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For Immediate Release: March 14, 2013
Contact: Robert J. Thormeyer, 202-898-9382, rthormeyer@naruc.org

EISPC Receives Report Suggesting Recommendations for Assessing Resource Adequacy

[Editor's Note: This is NOT a NARUC report. We are releasing it on behalf of the Eastern Interconnection States Planning Council.]

WASHINGTON--A new white paper on the economics of resource adequacy in the Eastern Interconnection suggests a number of recommendations for better assessing generation sufficiency within the Interconnection.

The report, authored by Astrape Consulting of Birmingham, Ala., was produced for the Eastern Interconnection States Planning Council (EISPC) and funded by the U.S. Department of Energy. EISPC consists of the State-level government agencies responsible for siting transmission across the 39 States, including the District of Columbia and the City of New Orleans, within the Eastern Interconnection electricity system.

Resource adequacy is a term for ensuring each utility and region has enough generation resources to keep the lights on during extreme hot or cold weather. If a region or utility does not have enough generation for peak demand, as an example, they may be forced to utilize rolling blackouts to keep the electricity system from crashing.

This white paper provides a number of informative conclusions to assist regulators in reviewing the reasonableness of resource adequacy plans. It examines the economics of resource adequacy assessments including the trade-off between the cost of additional capacity and the economic benefit provided by those resources. It also attempts to quantify this trade-off for a defined base case and a number of sensitivities.

According to Astrape, different regions within the massive interconnection measure and assess resource adequacy in varying ways. Although the regions use similar metrics, most also utilize different tools and assumptions, the report said. These differences, Astrape concluded, “make the comparisons of reliability [across the interconnection] difficult.”

Still, as a whole, the Eastern Interconnection plans to a robust level of reliability, Astrape writes. Most regions anticipate utilizing load-shedding only about once every 10 years. But this estimate of frequency is still likely too high, Astrape notes. “While distribution related outages occur several hours per year for most customers, most regions in the Eastern Interconnection have not experienced generation-deficiency caused firm load shed events in decades.”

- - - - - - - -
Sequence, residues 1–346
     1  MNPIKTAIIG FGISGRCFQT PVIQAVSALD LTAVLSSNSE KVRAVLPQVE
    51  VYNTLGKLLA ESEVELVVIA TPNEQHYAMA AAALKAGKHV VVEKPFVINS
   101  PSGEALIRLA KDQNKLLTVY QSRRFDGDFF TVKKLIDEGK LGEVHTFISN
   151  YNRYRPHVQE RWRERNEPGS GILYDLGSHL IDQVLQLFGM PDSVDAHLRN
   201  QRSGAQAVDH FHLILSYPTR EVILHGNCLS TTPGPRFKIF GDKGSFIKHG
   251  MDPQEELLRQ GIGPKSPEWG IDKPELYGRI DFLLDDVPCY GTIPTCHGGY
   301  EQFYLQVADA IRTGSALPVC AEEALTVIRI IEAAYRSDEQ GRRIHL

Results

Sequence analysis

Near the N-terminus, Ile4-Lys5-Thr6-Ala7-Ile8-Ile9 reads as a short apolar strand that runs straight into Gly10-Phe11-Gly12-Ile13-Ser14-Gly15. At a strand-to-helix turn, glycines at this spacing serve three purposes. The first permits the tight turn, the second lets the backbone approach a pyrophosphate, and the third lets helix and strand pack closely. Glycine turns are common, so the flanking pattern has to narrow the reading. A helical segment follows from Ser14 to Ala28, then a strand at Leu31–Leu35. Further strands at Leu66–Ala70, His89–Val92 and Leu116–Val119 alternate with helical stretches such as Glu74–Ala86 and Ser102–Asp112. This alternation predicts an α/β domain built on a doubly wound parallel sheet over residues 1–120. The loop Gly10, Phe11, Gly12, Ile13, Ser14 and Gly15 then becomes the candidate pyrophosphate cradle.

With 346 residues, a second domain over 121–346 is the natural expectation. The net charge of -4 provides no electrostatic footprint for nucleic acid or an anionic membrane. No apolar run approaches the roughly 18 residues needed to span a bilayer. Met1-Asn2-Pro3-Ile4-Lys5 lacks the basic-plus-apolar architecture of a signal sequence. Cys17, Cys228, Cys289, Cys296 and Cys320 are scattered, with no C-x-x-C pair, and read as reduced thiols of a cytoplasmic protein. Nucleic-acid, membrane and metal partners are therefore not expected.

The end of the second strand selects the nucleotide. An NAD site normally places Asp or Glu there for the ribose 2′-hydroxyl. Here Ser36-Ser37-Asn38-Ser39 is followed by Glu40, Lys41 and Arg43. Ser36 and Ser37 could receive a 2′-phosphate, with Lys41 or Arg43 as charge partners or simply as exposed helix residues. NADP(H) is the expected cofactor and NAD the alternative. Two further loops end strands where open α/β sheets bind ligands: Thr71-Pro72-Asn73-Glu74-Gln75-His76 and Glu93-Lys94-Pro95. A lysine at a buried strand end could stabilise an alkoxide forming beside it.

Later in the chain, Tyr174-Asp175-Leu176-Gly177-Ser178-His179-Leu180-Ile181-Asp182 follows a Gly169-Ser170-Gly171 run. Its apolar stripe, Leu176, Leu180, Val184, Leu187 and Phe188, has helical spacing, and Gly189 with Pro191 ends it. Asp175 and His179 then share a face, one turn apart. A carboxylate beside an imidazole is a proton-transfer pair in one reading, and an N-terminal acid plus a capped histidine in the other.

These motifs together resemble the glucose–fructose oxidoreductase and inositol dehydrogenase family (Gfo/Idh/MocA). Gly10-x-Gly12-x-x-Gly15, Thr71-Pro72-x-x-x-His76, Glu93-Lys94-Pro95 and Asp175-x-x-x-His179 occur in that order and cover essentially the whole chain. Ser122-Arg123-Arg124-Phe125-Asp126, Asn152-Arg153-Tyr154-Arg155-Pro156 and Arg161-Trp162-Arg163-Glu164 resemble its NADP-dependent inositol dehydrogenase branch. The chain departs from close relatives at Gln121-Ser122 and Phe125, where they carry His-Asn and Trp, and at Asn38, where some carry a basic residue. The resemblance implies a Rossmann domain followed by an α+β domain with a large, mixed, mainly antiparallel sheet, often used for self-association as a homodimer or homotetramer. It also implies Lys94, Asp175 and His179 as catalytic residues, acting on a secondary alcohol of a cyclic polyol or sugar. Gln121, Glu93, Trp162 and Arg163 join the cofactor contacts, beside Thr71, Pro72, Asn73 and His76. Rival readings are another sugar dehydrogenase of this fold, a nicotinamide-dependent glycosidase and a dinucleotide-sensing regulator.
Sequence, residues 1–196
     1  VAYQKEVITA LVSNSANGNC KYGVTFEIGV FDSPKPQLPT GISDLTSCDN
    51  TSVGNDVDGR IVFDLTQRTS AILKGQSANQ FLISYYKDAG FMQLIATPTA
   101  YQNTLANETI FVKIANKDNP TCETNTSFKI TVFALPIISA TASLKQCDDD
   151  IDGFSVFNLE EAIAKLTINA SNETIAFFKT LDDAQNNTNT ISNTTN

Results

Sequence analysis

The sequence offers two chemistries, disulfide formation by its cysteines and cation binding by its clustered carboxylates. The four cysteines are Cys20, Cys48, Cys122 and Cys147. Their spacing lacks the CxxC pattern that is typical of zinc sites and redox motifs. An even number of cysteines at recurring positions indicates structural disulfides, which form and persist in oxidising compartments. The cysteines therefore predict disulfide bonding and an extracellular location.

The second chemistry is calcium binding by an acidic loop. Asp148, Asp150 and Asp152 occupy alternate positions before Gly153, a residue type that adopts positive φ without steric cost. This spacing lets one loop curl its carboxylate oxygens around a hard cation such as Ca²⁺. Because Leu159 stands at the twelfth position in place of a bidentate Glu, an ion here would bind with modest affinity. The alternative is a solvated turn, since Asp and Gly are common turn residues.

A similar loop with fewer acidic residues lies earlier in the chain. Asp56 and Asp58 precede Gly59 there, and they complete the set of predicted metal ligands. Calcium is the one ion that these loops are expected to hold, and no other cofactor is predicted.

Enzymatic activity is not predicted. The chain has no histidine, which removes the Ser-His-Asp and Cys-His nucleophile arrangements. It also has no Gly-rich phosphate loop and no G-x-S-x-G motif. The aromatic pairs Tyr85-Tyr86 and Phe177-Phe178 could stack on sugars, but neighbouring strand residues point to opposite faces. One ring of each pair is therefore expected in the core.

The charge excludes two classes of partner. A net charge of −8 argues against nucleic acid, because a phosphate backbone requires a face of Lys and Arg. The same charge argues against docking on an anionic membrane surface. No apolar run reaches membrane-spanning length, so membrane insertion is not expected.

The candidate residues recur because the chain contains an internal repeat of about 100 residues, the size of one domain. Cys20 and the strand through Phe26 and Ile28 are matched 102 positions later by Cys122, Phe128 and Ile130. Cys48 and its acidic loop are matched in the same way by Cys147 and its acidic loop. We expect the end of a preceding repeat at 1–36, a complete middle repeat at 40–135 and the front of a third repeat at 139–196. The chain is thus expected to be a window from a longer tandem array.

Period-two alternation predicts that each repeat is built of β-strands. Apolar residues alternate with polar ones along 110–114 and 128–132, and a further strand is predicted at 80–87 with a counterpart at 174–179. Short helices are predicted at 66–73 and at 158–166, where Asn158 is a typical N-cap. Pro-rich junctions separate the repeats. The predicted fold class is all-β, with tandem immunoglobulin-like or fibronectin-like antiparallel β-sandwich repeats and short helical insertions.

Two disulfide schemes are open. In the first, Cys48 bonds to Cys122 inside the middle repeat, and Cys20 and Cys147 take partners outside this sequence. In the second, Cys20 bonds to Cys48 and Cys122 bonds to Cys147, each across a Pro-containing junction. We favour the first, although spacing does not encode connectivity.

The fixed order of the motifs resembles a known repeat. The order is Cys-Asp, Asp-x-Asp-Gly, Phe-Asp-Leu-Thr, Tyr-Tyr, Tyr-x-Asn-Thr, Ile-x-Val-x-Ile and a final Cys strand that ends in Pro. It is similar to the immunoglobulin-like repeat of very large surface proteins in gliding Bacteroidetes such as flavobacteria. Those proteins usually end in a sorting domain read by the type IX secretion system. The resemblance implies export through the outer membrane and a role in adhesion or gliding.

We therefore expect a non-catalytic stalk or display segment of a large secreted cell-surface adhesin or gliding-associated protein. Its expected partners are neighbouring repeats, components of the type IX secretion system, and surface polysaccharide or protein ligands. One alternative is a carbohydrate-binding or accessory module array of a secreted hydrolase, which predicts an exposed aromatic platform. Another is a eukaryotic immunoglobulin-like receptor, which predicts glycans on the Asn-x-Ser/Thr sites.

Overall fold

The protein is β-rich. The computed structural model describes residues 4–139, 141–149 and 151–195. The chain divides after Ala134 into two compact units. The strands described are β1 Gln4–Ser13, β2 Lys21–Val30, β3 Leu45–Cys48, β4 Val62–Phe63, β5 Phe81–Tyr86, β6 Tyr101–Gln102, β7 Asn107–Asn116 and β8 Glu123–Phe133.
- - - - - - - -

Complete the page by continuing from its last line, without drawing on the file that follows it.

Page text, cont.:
The paper explores whether such high levels of resource adequacy are justified economically. Astrape asks, is resource adequacy “solely about having enough capacity to meet firm load obligations? Or are there other economic benefits that should be considered when setting target reserve margins?”

The white paper suggests that economic “resource adequacy assessments should take a comprehensive approach to calculating the trade-off between the cost of additional capacity and the economic benefit provided by those resources.”

In the white paper, Astrape provided recommendations for additional work that could be useful, such as various ways that resource adequacy planning can be used to produce substantial economic benefits for consumers. Such recommendations are under consideration by EISPC. It should be noted that the resource adequacy work is interrelated with other studies being conducted by and for EISPC and if EISPC decides to request DOE authorization for more expansive work regarding resource adequacy, such work will also be considered in the context of interrelated efforts.

EISPC President David Boyd of Minnesota said the report provides an important overview of the situation and strong recommendations for moving ahead. “On behalf of EISPC, I want to thank Astrape for their careful, well-thought out and comprehensive white paper. Resource adequacy is a top priority for State regulators and other government officials. This report will help us address some of the most critical concerns.”

Some highlights of the white paper include:

  • A discussion of how the mechanism under which energy costs are ultimately passed on to customers can vary quite a bit from region to region depending on market structure and other factors, and how this should be considered in resource adequacy planning;
  • Reviews of various resource adequacy assessments in the Eastern Interconnection and how there is wide variation in the way capacity is counted, what level of benefit will be received from emergency operating procedures, and what assumptions and tools are used;
  • A comparison of varying metrics used for reliability throughout the Eastern Interconnection;
  • An explanation of different factors that can affect the optimum economic reserve margin;
  • A discussion of how risk analysis shows that a range of reserve margins slightly above the economic optimal reserve margin can avoid a number of potentially high cost scenarios for little additional cost; and,
  • An explanation about how different capacity resources can provide different value, and how demand response, energy storage, and hydro also have very different load carrying capability, as well as economic capacity value, that should be taken into account..

Click here for the report

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NARUC is a non-profit organization founded in 1889 whose members include the governmental agencies that are engaged in the regulation of utilities and carriers in the fifty States, the District of Columbia, Puerto Rico and the Virgin Islands. NARUC's member agencies regulate telecommunications, energy, and water utilities. NARUC represents the interests of State public utility commissions before the three branches of the Federal government.

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